You are on page 1of 9

Artifact #8: Pecha Kucha (PK) Presentation Transcript

I have included my PK presentation transcript in this elementary education portfolio as it

describes in detail the actual presentation. This presentation demonstrates my competency in the

areas of technology, learner accommodation, culturally responsive teaching, and professional

collaboration. This type of presentation is very useful and effective in presenting information to

other educators/colleagues as it entails 20 slides with pictures only and 20 seconds of voice

recorded captioning that explains the pictures within the slides. The simplicity of this type of

presentation is effective in capturing the audiences’ attention while offering valuable and

pertinent information on whatever the topic might be. In this case, my presentation was on

students that are deaf or heard of hearing and was chosen from a list of exceptionalities as part of

our Special Education course at Medaille College.

Connection to Standards

INTASC Standards

Standard #2: Learning Differences The teacher uses understanding of individual

differences and diverse cultures and communities to ensure inclusive learning environments that

enable each learner to meet high standards.

2(a) The teacher designs, adapts, and delivers instruction to address each student’s

diverse learning strengths and needs and creates opportunities for students to demonstrate their

learning in different ways

NYS Code of Ethics

Principle 2: Educators create, support, and maintain challenging learning environments

for all.
Educators apply their professional knowledge to promote student learning. They know the

curriculum and utilize a range of strategies and assessments to address differences. Educators

develop and implement programs based upon a strong understanding of human development and

learning theory. They support a challenging learning environment. They advocate for necessary

resources to teach to higher levels of learning. They establish and maintain clear standards of

behavior and civility. Educators are role models, displaying the habits of mind and work

necessary to develop and apply knowledge while simultaneously displaying a curiosity and

enthusiasm for learning. They invite students to become active, inquisitive, and discerning

individuals who reflect upon and monitor their own learning.

Ontario Teacher Ethical Standards

Care: The ethical standard of Care includes compassion, acceptance, interest and insight

for developing students’ potential. Members express their commitment to students’ well-being

and learning through positive influence, professional judgment and empathy in practice.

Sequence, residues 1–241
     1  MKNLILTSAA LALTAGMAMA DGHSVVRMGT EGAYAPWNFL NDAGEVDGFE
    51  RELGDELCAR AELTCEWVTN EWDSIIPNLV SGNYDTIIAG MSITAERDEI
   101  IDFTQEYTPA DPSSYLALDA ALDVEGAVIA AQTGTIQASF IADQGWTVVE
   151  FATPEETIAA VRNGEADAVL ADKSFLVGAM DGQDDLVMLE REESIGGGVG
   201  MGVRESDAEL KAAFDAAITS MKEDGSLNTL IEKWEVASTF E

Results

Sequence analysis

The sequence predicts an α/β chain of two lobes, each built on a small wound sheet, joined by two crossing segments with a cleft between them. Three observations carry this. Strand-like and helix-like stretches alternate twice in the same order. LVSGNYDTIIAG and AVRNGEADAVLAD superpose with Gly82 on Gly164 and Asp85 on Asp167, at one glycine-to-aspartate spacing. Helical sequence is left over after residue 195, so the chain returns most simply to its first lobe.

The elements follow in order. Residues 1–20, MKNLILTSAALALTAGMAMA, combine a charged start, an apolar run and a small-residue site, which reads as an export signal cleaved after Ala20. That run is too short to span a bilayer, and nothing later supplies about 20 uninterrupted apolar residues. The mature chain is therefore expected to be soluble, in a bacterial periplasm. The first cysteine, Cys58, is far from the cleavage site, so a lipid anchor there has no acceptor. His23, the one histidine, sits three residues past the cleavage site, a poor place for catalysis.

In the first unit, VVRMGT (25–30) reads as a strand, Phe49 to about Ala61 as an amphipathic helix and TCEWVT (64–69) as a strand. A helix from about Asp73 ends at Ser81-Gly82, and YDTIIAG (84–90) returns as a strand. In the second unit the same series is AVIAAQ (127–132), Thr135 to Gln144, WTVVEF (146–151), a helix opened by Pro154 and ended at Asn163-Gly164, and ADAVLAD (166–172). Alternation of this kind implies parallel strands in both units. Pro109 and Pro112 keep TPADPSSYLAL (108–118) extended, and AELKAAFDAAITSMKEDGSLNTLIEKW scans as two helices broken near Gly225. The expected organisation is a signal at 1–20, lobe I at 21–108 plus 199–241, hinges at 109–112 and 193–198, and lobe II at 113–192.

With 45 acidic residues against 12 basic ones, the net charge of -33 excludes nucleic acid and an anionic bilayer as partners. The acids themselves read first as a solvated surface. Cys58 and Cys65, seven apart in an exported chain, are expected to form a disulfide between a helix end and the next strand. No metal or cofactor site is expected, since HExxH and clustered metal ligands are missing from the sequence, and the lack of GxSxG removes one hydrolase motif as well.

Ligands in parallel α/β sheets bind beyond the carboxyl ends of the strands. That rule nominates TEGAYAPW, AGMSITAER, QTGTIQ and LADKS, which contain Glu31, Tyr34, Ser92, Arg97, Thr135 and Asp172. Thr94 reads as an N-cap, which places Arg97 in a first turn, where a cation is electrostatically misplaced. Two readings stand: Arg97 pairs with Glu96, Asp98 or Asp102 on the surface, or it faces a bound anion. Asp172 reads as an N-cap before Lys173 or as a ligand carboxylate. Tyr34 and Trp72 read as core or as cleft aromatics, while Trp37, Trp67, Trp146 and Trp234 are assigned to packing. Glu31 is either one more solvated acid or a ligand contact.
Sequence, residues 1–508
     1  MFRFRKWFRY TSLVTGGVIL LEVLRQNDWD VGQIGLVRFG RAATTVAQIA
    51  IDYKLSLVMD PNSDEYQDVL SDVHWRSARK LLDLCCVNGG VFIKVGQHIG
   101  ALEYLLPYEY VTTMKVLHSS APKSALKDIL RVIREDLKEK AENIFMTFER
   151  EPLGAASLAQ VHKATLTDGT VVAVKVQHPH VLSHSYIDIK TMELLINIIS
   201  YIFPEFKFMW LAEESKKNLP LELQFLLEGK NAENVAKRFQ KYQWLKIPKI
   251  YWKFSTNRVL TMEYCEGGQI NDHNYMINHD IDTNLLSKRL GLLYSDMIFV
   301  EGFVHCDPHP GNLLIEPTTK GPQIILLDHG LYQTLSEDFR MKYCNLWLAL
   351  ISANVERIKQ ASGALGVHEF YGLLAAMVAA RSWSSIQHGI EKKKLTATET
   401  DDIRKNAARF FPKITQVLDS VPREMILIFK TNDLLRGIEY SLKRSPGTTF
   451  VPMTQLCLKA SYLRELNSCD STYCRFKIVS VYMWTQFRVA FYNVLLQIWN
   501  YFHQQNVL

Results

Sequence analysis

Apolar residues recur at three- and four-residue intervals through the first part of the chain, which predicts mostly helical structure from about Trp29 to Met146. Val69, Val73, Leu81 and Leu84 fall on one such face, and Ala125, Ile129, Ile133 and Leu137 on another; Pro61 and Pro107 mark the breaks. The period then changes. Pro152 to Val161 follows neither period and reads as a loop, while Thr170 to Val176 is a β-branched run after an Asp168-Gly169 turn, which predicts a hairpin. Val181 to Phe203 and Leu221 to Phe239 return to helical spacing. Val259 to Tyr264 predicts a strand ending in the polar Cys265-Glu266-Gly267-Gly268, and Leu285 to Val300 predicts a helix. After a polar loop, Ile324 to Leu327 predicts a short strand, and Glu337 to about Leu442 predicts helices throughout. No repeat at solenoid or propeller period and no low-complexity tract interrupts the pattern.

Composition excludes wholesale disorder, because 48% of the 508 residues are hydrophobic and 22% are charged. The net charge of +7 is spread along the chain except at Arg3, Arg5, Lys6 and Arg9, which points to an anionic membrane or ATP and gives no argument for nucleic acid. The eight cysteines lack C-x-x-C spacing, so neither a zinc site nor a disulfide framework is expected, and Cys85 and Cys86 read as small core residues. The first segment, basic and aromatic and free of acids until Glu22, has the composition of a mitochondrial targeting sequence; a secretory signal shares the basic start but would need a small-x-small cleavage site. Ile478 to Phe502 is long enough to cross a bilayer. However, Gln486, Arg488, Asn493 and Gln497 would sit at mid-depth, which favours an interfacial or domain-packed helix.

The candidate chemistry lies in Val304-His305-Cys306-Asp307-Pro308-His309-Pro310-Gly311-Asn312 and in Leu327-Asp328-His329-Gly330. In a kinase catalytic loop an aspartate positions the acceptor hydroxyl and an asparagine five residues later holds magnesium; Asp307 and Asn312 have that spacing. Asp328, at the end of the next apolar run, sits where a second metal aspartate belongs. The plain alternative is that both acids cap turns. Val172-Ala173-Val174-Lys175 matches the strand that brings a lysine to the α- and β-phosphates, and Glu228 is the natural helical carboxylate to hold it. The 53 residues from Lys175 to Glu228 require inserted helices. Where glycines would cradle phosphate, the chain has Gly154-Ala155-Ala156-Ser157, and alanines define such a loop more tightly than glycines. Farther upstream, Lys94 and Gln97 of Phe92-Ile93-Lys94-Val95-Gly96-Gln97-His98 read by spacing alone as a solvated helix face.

TEAC/CAEP Claims 1-3

Claim 2: Medaille College graduates meet the needs of diverse learners through effective

pedagogy and best teaching practices.

NYS P-12 Common Core Learning Standards


NYS Learning Standards


ISTE Standard
1. Learner: Educators continually improve their practice by learning from and with

others and exploring proven and promising practices that leverage technology to improve student

learning. Educators:

a. Set professional learning goals to explore and apply pedagogical approaches made possible by

technology and reflect on their effectiveness.

b. Pursue professional interests by creating and actively participating in local and global

learning networks.

c. Stay current with research that supports improved student learning out

ILA Standards


CEC Standards

Professional special educators are guided by the CEC professional ethical principles,

practice standards, and professional policies in ways that respect the diverse characteristics and

needs of individuals with exceptionalities and their families. They are committed to upholding

and advancing the following principles:

1. Maintaining challenging expectations for individuals with exceptionalities to develop the

highest possible learning outcomes and quality of life potential in ways that respect their

dignity, culture, language, and background.

2. Maintaining a high level of professional competence and integrity and exercising

professional judgment to benefit individuals with exceptionalities and their families.

3. Promoting meaningful and inclusive participation of individuals with exceptionalities in their

schools and communities.

Transcript for Deafness and Hearing Loss by Linda Saleh

Slide 1

Hello Everyone. This presentation will be on Deafness and Hearing Loss. By the end of this

presentation you will be able to distinguish the difference between deafness and hearing loss,

information provided on an audiogram and technologies and supports used with children who are

deaf or hard of hearing.

Slide 2

According to Heward et al., (2017) Deafness is a hearing loss that is so severe that a child is

impaired in processing linguistic information through hearing, with or without amplification, and

adversely affects a child’s academic performance. Hearing loss means a loss in hearing, whether

permanent or fluctuating, that adversely affects a child’s educational performance.

Slide 3

When you see Deaf spelled with a capital D, it usually refers to individuals that identify

themselves belonging to a community that is a culture in its own, referred to as the Deaf World

(Lane, 2005). The Deaf community hold such high regard for their status as Deaf members. Deaf

individuals use their visual fields as a primary source of navigation and proudly use sign

language as their primary mode of communication.

Slide 4
When you see deaf spelled with a lower -case d, it usually refers to individuals who relate the

hearing world in which case they rely on auditory input as their primary means of

communicating. Whether and individual chooses to rely on visual or hearing modalities is an

individual choice and will be later discusses in this presentation.

Slide 5